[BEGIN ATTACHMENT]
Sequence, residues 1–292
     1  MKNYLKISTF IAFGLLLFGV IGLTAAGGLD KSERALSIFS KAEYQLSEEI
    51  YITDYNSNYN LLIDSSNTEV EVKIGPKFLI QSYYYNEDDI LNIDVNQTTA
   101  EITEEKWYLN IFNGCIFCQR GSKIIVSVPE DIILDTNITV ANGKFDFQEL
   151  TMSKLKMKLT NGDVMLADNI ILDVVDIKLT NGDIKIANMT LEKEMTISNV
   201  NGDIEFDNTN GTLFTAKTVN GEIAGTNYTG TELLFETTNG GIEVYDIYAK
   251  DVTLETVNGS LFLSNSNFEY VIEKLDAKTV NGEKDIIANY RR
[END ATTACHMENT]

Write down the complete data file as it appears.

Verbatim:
Sequence, residues 1–292
     1  MKNYLKISTF IAFGLLLFGV IGLTAAGGLD KSERALSIFS KAEYQLSEEI
    51  YITDYNSNYN LLIDSSNTEV EVKIGPKFLI QSYYYNEDDI LNIDVNQTTA
   101  EITEEKWYLN IFNGCIFCQR GSKIIVSVPE DIILDTNITV ANGKFDFQEL
   151  TMSKLKMKLT NGDVMLADNI ILDVVDIKLT NGDIKIANMT LEKEMTISNV
   201  NGDIEFDNTN GTLFTAKTVN GEIAGTNYTG TELLFETTNG GIEVYDIYAK
   251  DVTLETVNGS LFLSNSNFEY VIEKLDAKTV NGEKDIIANY RR